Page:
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Basketball 2.0 takes a riveting and inspirational look inside the rise of 3x3 basketball, which made its Olympic debut at Tokyo 2020, just a decade after launching as the official truncated version of arguably the world's second most popular sport. For generations, three-on-three was a popular form of pickup basketball but seen as a novelty until the governing body, FIBA, hatched an ambitious plan to broaden the sport's worldwide footprint and extend its fan base through a distinctive brand. But to achieve legitimacy, 3x3 needed to accomplish the improbable and go from the streets to the Olympics. Despite scepticism, FIBA created a professional tour and international competitions before its dream was realised when 3x3 became an Olympic sport for the Tokyo Games. FIBA is betting big on its new game, but even after 3x3's memorable Olympic debut, the question remains: will it truly succeed? Basketball 2.0 is the first in-depth exploration of this fascinating and quirky new global game.



Publié par
Date de parution 22 août 2022
Nombre de lectures 14
EAN13 9781801502863
Langue English
Poids de l'ouvrage 1 Mo

Informations légales : prix de location à la page 0,0500€. Cette information est donnée uniquement à titre indicatif conformément à la législation en vigueur.


First published by Pitch Publishing, 2022
Pitch Publishing
A2 Yeoman Gate
Yeoman Way
BN13 3QZ
Tristan Lavalette,2022
Every effort has been made to trace the copyright.
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A CIP catalogue record is available for this book from the British Library
Print ISBN 9781801501262
eBook ISBN 9781801502863
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Prologue: 28 July 2021: Latvia vs Russian Olympic Committee; men s Olympic gold medal game
1. FIBA shows interest in three on three
2. Three on three s origins
3. FIBA tests three on three
4. 3x3 is born
5. FIBA s 3x3 professional circuit launches
6. FIBA chases its 3x3 Olympic dream
7. Establishing 3x3 s urban culture brand and a fanbase
8. The Voice of 3x3 - Kyle Montgomery
9. Can 3x3 flourish in the United States?
10. Denver and Princeton - the pioneers of American 3x3
11. Big3 vs FIBA 3x3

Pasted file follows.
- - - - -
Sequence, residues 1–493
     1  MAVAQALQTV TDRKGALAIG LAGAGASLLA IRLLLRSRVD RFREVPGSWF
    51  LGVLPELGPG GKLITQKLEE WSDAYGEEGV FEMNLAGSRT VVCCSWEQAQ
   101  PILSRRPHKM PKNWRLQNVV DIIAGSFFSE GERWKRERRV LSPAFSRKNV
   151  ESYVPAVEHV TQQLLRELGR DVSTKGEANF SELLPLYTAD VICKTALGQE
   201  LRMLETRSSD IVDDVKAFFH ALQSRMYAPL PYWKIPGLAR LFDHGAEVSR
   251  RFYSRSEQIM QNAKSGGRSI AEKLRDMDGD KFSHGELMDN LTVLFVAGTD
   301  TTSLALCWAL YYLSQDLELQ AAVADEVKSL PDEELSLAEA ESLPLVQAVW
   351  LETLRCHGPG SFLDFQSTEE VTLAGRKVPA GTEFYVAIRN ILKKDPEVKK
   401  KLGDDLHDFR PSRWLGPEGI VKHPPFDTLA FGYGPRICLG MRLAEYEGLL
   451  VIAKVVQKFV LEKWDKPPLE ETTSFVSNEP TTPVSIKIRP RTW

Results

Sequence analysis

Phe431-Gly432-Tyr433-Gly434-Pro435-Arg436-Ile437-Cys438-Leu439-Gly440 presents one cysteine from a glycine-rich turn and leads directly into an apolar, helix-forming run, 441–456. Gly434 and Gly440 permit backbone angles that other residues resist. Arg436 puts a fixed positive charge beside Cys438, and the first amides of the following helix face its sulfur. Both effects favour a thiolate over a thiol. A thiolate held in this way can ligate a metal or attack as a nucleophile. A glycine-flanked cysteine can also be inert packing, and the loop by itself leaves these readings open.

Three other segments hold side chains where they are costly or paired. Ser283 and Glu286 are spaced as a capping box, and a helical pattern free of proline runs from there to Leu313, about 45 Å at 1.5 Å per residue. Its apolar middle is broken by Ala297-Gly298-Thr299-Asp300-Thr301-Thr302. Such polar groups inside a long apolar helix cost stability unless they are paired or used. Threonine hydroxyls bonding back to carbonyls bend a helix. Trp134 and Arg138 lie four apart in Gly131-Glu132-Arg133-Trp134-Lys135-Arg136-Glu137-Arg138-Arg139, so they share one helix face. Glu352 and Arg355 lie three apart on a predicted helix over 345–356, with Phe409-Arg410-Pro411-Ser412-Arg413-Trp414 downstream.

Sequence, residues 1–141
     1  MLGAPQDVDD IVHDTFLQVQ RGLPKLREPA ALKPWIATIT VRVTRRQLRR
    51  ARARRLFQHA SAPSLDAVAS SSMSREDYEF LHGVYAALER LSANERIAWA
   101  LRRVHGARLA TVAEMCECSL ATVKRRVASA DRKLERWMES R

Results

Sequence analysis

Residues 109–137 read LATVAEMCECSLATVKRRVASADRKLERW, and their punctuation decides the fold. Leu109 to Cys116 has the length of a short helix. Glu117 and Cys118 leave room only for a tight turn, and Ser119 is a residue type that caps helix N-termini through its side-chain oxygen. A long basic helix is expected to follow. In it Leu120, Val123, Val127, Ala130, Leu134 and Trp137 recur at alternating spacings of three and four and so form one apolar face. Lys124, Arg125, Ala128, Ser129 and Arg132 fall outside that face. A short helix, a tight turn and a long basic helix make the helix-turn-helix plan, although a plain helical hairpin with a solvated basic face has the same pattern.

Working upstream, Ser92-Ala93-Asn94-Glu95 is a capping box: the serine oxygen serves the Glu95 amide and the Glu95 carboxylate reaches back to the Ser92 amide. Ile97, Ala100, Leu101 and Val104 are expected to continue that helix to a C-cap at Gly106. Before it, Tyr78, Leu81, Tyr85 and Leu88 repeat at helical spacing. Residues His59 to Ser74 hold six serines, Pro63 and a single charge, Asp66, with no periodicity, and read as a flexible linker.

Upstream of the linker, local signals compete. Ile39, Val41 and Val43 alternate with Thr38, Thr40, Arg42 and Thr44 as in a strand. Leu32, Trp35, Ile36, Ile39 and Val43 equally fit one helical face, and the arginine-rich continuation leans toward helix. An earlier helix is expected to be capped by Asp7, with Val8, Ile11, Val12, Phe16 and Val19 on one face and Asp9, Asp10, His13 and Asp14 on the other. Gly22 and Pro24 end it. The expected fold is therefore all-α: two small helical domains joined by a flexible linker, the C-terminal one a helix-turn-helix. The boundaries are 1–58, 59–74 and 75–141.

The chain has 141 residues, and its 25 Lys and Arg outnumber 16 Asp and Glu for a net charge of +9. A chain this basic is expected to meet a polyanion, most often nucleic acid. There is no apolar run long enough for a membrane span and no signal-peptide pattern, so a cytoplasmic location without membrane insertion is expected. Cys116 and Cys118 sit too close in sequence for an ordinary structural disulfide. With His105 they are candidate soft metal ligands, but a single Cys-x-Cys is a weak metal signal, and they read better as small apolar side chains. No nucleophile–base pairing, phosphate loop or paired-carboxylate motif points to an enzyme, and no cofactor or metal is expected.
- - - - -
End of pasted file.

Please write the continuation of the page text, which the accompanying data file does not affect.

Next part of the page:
12. Du an Bulut - 3x3 s GOAT
13. Romania - the Mecca of 3x3
14. 3x3 - Mongolia s most popular sport
15. How Latvia became 3x3 s first men s gold medallists
16. The future of 3x3
28 July 2021: Latvia vs Russian Olympic Committee; men s Olympic gold medal game
WITH THE men s Olympic gold medal game in the balance, in a see saw of a contest typical of 3x3 s unpredictability, Latvia talisman K rlis Lasmanis wiped away sweat on his brow amid a muggy Wednesday night as the clock hit 10.45pm.
But, more importantly, the game clock showed just 32.5 seconds left amid a stoppage, with officials determining which team touched the ball before it went out of bounds.
Even though it is a purposely souped up version of basketball, like it had consumed ten Red Bulls, 3x3 still could do little about officials watching endless replays to determine disputed late game calls.
As the delay ensued, Lasmanis paused, took a gulp and looked to the heavens. He immediately blinked, feeling almost temporarily blinded by the full force of the bright lights hovering ominously above the half court at the Aomi Urban Sports Park in the temporary venue for 3x3 basketball in the waterfront Aomi district of Tokyo.
Lasmanis, of course, had other more pressing things weighing on his mind, but the symbolism was nonetheless striking with the spotlight on 3x3 - the popular three on three pickup game of basketball formalised and opportunistically transformed into an Olympic discipline within a decade by the International Basketball Federation (FIBA), the sport s governing body.
The often mocked truncated 21 point game, derided as a safe haven for misfits unworthy of basketball, neared the end of its five days in the international limelight - 14 years since the late FIBA secretary general Patrick Baumann started his near obsession with perfecting a professional version of streetball, marketed as 3 ex 3 .
In its Olympic debut, as the second basketball discipline, 3x3 naturally enjoyed being a novelty and attracted major coverage from media heavyweights the New York Times , Washington Post and The Guardian , among others.
French president Emmanuel Macron and United States first lady Jill Biden were some of the notable dignitaries who watched the ten minute sprint played on a half court with a solitary basketball hoop marked by a scoring system consisting of one and two pointers. It s as if that classic 1980s Nintendo game Hoops sprung to reality.
The men s and women s respective eight team competitions had been typically freewheeling and breathless, designed to erode basketball s dreary aspects.
There was one major hitch, which was uncontrollable, but left FIBA 3x3 officials feeling rather hollow in the belief that the product was going to be slightly diminished in its Olympic unveiling.